On the back of today’s other post about migrating your redis database across servers I thought it only made sense to talk about migrating your Postgres database as well, seeing as I migrated my Postgres database for my Firefish instance as well.
Postgres’ built-in migration tool
This probably isn’t going to be breaking news to anyone, but Postgres has a built-in tool for migrating databases. It’s called
pg_dump and it’s pretty easy to use. The syntax is as follows:
pg_dump -h <host> -p <port> -U <username> -d <database> > <outputfile>
This allows you to pretty easily dump your entire database to a file. This file can then be imported into another database using the
psql -h <host> -p <port> -U <username> -d <database> < <inputfile>
You can also pretty easily combine the two commands using a pipe:
pg_dump -h <host> -p <port> -U <username> -d <database> | psql -h <host> -p <port> -U <username> -d <database>
Making it even easier
I’m lazy, so I don’t want to have to type out that entire command every time I want to migrate my database. Thankfully, I don’t have to. I can just write a simple bash script to do it for me. Here’s what I came up with:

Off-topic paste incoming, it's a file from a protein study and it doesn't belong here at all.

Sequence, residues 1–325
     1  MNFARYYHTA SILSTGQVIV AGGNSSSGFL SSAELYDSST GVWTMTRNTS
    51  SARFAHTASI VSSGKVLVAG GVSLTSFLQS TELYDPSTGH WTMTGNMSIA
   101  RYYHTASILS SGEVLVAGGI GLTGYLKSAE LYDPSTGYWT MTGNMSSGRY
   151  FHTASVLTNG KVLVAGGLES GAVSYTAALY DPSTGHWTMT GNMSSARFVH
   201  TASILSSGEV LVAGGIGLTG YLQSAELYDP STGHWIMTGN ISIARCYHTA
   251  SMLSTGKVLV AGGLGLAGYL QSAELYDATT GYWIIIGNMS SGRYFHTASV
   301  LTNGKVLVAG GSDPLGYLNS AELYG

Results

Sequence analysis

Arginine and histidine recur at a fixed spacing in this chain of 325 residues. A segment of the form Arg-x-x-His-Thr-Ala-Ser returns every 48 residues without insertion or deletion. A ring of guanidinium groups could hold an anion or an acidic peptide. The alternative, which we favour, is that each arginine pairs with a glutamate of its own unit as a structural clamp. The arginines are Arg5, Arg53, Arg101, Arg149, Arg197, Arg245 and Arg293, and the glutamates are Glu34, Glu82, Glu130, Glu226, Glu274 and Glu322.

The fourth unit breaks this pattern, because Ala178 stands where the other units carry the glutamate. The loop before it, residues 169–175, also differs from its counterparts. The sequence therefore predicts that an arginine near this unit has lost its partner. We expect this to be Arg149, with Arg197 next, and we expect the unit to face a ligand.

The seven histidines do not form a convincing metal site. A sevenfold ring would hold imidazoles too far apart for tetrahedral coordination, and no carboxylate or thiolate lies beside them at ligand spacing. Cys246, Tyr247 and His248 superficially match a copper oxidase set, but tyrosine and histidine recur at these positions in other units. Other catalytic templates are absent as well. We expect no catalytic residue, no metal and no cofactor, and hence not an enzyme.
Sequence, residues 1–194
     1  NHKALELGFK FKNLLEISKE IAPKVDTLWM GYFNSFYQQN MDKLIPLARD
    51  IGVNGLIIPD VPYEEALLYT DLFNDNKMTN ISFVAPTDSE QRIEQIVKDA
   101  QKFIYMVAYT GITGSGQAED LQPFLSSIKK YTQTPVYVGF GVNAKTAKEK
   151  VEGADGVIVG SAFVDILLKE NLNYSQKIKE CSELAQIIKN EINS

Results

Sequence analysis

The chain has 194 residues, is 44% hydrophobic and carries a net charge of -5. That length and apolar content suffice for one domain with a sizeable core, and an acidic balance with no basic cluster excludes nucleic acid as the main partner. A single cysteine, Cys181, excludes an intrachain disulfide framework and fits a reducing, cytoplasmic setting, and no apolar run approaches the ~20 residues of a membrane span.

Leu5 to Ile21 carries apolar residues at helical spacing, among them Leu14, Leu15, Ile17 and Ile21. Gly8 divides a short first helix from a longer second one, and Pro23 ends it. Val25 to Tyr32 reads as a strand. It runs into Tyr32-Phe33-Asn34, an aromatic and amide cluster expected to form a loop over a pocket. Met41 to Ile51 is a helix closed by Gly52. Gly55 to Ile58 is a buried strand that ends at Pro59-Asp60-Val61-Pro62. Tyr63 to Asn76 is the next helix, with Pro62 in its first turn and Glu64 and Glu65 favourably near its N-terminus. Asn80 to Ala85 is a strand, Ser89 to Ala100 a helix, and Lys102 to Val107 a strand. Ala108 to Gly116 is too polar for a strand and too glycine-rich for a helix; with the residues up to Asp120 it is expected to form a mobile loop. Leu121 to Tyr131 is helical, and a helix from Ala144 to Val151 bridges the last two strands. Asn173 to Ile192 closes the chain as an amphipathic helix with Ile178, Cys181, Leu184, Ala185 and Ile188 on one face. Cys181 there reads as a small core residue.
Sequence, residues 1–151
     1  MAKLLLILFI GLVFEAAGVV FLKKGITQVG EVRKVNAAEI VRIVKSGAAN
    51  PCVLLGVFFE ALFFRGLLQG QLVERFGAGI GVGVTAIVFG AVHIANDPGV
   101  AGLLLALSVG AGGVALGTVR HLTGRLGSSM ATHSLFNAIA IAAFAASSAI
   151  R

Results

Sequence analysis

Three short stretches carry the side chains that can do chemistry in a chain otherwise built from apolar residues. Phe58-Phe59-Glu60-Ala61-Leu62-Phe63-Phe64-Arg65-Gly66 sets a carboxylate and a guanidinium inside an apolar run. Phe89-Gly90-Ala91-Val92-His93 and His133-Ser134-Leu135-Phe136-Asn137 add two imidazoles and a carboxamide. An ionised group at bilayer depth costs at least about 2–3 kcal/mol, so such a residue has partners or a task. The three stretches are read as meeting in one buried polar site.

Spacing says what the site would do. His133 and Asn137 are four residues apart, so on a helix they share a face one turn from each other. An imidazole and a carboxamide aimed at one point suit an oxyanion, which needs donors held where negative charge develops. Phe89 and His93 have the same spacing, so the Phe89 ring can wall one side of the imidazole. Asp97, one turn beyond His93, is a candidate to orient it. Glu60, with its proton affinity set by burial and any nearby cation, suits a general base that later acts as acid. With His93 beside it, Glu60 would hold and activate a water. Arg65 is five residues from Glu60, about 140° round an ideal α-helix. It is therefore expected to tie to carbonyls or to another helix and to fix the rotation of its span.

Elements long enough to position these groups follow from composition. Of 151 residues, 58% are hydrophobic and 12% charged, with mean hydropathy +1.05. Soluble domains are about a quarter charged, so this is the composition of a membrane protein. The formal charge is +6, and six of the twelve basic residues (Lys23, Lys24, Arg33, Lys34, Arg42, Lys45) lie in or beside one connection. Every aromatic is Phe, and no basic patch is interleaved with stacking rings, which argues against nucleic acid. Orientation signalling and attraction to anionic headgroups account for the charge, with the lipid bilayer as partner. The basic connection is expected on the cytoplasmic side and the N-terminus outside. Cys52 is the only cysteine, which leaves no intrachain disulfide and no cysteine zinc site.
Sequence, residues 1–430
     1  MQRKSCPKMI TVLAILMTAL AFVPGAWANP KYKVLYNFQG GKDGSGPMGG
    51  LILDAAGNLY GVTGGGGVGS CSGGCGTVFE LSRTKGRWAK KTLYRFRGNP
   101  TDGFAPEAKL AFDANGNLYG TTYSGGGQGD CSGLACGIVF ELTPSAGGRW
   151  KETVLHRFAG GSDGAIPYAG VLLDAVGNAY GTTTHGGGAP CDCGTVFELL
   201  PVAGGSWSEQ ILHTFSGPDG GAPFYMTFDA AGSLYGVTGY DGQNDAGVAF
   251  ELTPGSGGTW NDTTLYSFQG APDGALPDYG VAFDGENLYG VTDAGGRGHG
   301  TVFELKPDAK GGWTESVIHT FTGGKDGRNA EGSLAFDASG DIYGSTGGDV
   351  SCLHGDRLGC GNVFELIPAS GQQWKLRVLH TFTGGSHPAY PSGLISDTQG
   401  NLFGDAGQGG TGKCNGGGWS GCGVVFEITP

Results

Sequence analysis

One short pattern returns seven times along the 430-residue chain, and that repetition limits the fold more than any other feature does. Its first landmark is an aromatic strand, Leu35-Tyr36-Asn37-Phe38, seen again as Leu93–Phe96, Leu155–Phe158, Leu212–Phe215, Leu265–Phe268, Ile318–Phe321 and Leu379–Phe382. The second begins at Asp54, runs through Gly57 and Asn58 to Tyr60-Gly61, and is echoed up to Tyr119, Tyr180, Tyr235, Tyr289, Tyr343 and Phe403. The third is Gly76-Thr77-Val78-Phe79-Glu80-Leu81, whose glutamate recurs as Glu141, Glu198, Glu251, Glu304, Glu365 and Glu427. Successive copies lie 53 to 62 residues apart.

#! /usr/bin/env bash # This script is used to migrate a postgres database from one server to another. # Usage: pgmigrate <source> <destination> # Example: pgmigrate postgres://user:pass@localhost:5432/source postgres://user:pass@localhost:5432/destination set -e if [ $# -ne 2 ]; then echo "Usage: pgmigrate <source> <destination>" exit 1 fi SOURCE=$1 DESTINATION=$2 echo "Migrating from $SOURCE to $DESTINATION" echo "Dumping source database" pg_dump $SOURCE > /tmp/dump.sql if ! psql $DESTINATION -c "select 1" > /dev/null 2>&1; then echo "Destination database does not exist. Creating it" dbname=$(echo $DESTINATION | sed -e 's/.*\///') dest=$(echo $DESTINATION | sed -e 's/\/[^/]*$//') psql $dest -c "create database $dbname" fi echo "Restoring to destination database" psql $DESTINATION < /tmp/dump.sql echo "Cleaning up" rm /tmp/dump.sql echo "Done"
This script takes two arguments, the source database and the destination database. It then dumps the source database to a file, creates the destination database if it doesn’t exist, and then restores the source database to the destination database. It then cleans up after itself and exits.
Here’s an example of how to use it:
pgmigrate postgres://user:pass@localhost:5432/source postgres://user:pass@localhost:5432/destination
How simple is that?
I hope this post was helpful to you. I don’t see this one being as niche and potentially useful as the redis one, but I figured I’d write it up anyway, if for no othr reason than my propensity for borking my linux system, losing my files, and having to start over from scratch.